No alcoholic beer is sold in World Cup stadiums, says FIFA TBEN news


In a U-turn, no alcoholic beer will be sold in Qatar’s World Cup stadiums, FIFA said in a statement Friday.

The announcement comes two days before kick-off for the World Cup on Sunday, the first to be held in a conservative Muslim country with strict controls on alcohol, the consumption of which is banned in public.

“Following discussions between the host country authorities and FIFA, it has been decided to concentrate the sale of alcoholic beverages on the FIFA Fan Festival, other fan destinations and licensed venues, and to remove beer outlets from the perimeters of the FIFA World Cup. 2022 stadium in Qatar.” a FIFA spokesperson said in the statement.

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Budweiser, a major World Cup sponsor owned by beer maker AB InBev, would sell exclusive alcoholic beer within the perimeter of each of the eight ticketed stadiums three hours before and one hour after each game.

“Tournament organizers appreciate AB InBev’s understanding and continued support for our shared commitment to looking after everyone during the FIFA World Cup,” the statement said.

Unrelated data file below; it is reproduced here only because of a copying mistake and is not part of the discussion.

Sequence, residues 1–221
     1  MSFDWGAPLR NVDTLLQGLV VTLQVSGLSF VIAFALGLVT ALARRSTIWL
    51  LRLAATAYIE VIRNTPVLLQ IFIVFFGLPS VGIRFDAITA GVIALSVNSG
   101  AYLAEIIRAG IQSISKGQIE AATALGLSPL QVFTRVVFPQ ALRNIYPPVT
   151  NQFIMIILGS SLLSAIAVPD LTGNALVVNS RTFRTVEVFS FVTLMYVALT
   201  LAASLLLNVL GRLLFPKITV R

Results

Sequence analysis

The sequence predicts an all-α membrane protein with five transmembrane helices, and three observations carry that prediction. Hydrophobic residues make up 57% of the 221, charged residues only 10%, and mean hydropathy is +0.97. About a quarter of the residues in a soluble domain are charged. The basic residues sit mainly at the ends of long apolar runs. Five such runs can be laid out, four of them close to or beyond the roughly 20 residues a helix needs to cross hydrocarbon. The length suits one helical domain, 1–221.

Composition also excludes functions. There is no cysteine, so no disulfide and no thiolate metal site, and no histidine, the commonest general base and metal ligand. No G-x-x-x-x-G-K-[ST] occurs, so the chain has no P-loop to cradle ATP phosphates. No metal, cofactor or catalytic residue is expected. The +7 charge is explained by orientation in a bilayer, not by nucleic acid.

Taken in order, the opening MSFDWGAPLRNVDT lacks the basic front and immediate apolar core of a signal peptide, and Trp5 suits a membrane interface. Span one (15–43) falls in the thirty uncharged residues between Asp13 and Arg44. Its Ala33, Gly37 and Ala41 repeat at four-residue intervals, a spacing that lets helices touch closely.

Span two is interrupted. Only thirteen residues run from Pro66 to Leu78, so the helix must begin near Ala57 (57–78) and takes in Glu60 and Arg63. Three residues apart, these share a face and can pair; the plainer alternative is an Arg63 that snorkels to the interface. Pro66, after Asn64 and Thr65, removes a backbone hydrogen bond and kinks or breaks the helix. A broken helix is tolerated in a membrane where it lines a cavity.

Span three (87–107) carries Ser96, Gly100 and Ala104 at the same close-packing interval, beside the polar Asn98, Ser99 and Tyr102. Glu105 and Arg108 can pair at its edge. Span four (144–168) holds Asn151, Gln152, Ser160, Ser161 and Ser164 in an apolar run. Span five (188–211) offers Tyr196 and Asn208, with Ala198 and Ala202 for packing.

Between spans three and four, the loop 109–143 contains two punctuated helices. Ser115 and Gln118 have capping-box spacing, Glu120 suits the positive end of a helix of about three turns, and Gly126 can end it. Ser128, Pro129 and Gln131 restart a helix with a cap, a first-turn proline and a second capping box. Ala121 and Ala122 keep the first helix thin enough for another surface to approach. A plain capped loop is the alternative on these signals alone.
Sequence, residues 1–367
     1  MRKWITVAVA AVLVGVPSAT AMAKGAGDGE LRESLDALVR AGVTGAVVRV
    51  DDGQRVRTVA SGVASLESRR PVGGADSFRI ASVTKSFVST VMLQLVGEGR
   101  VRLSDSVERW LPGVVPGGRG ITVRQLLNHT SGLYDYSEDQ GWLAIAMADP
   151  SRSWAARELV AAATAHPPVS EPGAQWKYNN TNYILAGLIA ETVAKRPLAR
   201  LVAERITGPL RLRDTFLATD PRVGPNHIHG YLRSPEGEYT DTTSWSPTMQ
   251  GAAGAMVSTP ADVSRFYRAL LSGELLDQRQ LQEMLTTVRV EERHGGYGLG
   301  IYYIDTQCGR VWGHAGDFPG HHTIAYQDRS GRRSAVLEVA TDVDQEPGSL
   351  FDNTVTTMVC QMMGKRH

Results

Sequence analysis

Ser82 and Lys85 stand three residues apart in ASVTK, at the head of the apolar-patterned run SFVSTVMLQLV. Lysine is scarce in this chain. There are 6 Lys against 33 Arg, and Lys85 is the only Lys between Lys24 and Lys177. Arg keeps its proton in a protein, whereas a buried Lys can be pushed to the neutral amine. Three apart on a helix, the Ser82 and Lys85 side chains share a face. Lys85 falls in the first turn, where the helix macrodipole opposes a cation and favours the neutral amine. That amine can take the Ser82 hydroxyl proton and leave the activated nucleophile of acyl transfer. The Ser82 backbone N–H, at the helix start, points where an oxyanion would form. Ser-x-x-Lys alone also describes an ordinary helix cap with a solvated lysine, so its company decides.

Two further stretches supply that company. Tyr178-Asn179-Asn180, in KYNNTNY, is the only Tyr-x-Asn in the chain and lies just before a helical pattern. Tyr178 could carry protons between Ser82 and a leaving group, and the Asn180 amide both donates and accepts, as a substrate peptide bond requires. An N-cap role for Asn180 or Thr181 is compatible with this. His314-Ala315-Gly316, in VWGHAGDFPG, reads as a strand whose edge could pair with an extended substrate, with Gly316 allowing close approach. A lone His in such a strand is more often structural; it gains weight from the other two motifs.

The reversal of that policy comes after protracted negotiations between FIFA President Gianni Infantino, Budweiser and executives from Qatar’s Supreme Committee for Delivery and Legacy (SC), which hosts the World Cup, a source with knowledge of the negotiations told Reuters on condition of anonymity. .

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“There is a greater number of fans coming from the Middle East and South Asia, where alcohol is not as big a part of the culture,” said the source.

“The thinking was that for many fans, the presence of alcohol would not create an enjoyable experience.”

Non-alcoholic beer is sold

Champagne, wine, whiskey and other alcohol are still expected in the luxurious catering areas of the stadiums.

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Budweiser will sell its non-alcoholic beer throughout the stadium area, the statement said.

Neither Budweiser nor the SC have responded to Reuters’ request for comment.

Since Qatar acquired guest rights in 2010, questions have been raised about the role alcohol would play at this year’s World Cup. While not a “dry” state like neighboring Saudi Arabia, consuming alcohol in public places is illegal in Qatar.

Stadium 974 in Doha, Qatar, is one of the tournament’s eight stadiums where the sale of alcoholic beer is banned. (Carl Recine/Reuters)

Visitors are not allowed to bring alcohol into Qatar, even from the duty-free section of the airport, and most cannot buy alcohol from the country’s only liquor store. In some hotels, alcohol is sold in bars, where beer costs about $15 per pint.

Budweiser will still sell alcoholic beer at the main FIFA Fan Fest in downtown Doha, the source said, where it will be offered for about $14 US per half pint. Alcohol will also be sold in some other fan zones, while others will be non-alcoholic.


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